Saturday, 11 January 2014

Waratah - bottle messages 'lying concoctions of sensation-mongers'.

article continued from previous post..

"On the resumption of the enquiry last
Monday reference was made to the finding
of bottles containing what purported to be
messages from the Waratah on the Australian coast."

"These messages, said Mr.Laing, K.C.,
for the Board of Trade, had
been fully investigated by the authorities
in Australia, who were convinced that
they were merely "lying concoctions of
sensation-mongers."

It has become abundantly clear that conflicting witness accounts relating to the perceived safety of the Waratah were almost certainly influenced by hysteria surrounding her mysterious loss. But false reports of bottles with messages found on the shores of Australia take the attention-seeking behaviour to scandalous levels. We must never forget that anxious relatives and friends of those lost were holding onto hope no matter how unsubstantiated or remote.

Negative reports such as this and the false announcement that a steamer fitting the description of the Waratah was seen making her way slowly back the Port at Durban, only served one purpose: A moment of indescribable relief followed by an intense and destructive realisation that the Waratah was indeed lost without explanation.

"Then came more evidence from those who had sailed in
the ill-fated ship, and again there was an
amazing conflict of testimony."

"Alexander Reader, an able seaman on
the Waratah on her maiden voyage, said
he has had seventeen years' experience at
sea, and he made the round trip in the
Waratah."

"He found her a good boat, and
he was not alarmed by anything she did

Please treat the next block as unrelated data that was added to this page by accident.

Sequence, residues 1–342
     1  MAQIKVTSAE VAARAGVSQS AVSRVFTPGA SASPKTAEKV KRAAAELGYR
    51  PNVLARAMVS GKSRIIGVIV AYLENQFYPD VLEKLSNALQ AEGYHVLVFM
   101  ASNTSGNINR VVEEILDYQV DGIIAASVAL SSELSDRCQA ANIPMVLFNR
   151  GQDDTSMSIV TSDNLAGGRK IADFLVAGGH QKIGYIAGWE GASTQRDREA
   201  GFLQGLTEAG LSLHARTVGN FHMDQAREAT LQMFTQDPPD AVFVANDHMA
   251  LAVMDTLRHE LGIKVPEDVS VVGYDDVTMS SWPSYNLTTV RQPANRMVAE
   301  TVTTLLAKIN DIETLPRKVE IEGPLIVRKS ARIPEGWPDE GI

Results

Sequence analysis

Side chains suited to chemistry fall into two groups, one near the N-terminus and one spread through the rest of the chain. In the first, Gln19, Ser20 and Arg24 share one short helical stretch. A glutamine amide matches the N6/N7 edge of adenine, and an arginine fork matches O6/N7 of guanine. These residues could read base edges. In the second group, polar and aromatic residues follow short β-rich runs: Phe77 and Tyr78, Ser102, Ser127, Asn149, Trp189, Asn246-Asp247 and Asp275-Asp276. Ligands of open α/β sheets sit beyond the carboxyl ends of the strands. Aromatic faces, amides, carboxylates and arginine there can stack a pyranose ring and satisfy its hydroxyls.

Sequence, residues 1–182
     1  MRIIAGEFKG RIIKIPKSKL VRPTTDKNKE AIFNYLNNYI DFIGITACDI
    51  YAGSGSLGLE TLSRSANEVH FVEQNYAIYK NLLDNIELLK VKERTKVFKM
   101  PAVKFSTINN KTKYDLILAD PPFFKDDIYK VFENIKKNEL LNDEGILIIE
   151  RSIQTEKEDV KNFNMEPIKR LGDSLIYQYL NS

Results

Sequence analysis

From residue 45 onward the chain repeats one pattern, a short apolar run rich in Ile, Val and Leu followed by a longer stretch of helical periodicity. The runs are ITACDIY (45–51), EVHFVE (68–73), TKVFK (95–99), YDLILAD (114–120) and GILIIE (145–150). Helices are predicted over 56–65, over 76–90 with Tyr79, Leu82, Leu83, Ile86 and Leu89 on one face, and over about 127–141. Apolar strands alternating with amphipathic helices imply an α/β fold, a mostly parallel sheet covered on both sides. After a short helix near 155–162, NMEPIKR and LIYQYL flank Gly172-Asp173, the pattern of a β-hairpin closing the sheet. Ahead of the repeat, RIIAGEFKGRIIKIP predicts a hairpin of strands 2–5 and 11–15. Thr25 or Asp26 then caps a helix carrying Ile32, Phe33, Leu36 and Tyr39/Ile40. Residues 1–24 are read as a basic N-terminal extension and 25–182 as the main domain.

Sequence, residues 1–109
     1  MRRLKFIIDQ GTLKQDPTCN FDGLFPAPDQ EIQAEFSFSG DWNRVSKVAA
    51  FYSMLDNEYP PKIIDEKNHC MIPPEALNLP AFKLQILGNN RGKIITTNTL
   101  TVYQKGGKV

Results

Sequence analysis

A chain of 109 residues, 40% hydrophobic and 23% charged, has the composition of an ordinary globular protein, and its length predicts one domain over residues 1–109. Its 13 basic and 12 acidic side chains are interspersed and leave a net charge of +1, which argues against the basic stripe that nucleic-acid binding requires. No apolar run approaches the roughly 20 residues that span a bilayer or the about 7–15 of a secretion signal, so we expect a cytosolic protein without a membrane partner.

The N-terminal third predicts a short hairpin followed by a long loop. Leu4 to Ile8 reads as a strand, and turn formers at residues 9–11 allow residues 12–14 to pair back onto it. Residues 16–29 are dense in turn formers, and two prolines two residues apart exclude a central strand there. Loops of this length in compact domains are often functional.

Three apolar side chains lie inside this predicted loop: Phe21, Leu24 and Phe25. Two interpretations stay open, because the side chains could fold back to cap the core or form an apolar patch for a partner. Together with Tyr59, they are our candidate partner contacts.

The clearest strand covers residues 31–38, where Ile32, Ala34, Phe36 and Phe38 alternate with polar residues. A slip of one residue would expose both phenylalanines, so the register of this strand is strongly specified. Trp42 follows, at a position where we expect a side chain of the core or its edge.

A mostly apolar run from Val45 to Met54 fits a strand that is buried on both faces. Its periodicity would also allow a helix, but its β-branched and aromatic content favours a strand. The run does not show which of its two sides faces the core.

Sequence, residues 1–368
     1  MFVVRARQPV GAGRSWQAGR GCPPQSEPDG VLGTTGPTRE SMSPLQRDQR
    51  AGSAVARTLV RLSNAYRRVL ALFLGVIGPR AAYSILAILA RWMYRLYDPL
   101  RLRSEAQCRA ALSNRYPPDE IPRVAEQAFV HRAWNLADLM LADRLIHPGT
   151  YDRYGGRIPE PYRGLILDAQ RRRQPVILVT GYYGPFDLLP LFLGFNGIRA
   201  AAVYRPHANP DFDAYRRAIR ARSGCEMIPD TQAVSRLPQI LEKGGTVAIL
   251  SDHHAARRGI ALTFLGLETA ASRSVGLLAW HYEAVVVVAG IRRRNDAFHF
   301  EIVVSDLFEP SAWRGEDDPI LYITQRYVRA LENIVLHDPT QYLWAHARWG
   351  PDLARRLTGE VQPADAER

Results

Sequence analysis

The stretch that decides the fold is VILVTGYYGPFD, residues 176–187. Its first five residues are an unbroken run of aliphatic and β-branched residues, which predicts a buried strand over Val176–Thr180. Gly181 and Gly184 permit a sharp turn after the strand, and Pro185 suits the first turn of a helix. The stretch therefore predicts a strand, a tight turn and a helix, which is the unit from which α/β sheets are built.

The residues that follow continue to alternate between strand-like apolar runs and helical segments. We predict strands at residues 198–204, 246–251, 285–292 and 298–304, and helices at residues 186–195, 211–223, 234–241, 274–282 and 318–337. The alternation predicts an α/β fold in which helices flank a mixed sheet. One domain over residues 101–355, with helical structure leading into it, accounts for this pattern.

in the way of rolling, pitching, or listing."

"So far as he was aware there was nothing
wrong with the boats, and he never
heard any complaints about them."

He did not mention the claims made by other seamen that the 'stiff' davits made mobilisation of the lifeboats difficult, requiring at least a dozen seamen for the job. Perhaps he did not believe this to be significant in the context of launching life boats at sea. In my opinion this would have been the weak link explaining why no lifeboats from the Waratah were ever discovered.

"William Henry Baker,who signed on
as able seaman in the Waratah for the
second outward voyage to Sydney, but
served in the stoke hold, stated that there
were plenty of, good boats on board,,
but not many men who could man them."

If this is indeed true and not further fear-mongering, this account contributes to the suggestion that there were difficulties associated with mobilising the life boats.

"The ship was not top heavy and the coal
was properly stowed. He neither heard
nor saw anything about the vessel being
crank."

This is a further confirmation that although the coal at Durban was loaded via the top deck it was destined for more secure bunkers below.

"She rolled heavily sometimes when
the wind blew strongly, and there was
a slight list at intervals throughout the
voyage, sometimes on one  side and
sometimes on the other, but he did
not consider it a serious matter,
and he did not regard the
rolling as dangerous."

This class of statement reminds me and reinforces the fact that the listing and rolling characteristics of the Waratah were nothing out of the ordinary for steamships of the period.

"He had no misgivings
about the vessel, and he would not have
had any hesitation in continuing on her
for the round voyage."

We close this newspaper cutting on a positive note once again drawing attention to those who vouched for the safety of the Waratah.





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